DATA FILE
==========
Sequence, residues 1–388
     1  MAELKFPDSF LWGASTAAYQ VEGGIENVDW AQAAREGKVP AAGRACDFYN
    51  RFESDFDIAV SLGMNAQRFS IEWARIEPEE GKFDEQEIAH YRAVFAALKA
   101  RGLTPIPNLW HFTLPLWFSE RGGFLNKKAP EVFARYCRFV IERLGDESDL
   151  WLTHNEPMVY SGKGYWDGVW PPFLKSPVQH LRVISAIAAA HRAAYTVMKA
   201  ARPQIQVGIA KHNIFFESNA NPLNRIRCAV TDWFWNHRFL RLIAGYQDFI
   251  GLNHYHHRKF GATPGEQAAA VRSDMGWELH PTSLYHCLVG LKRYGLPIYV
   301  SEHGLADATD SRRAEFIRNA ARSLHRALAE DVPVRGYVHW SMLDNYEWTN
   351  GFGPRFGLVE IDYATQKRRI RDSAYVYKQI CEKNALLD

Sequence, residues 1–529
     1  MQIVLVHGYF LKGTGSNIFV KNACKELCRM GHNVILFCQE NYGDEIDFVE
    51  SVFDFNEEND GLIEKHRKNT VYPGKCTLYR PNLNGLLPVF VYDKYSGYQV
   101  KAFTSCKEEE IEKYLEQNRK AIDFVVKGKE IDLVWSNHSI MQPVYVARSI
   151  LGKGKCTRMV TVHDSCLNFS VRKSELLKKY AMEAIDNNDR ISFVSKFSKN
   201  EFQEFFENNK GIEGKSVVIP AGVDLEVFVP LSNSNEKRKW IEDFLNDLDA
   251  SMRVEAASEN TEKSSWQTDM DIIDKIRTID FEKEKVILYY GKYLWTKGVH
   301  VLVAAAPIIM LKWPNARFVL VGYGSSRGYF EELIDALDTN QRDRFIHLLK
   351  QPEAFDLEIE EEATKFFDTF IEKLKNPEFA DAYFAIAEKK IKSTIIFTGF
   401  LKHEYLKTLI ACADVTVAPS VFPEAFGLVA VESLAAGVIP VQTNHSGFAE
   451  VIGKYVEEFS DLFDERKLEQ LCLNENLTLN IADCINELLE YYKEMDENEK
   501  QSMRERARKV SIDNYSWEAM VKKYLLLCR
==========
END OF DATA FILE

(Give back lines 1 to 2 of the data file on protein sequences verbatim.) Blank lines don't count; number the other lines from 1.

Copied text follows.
Sequence, residues 1–388
     1  MAELKFPDSF LWGASTAAYQ VEGGIENVDW AQAAREGKVP AAGRACDFYN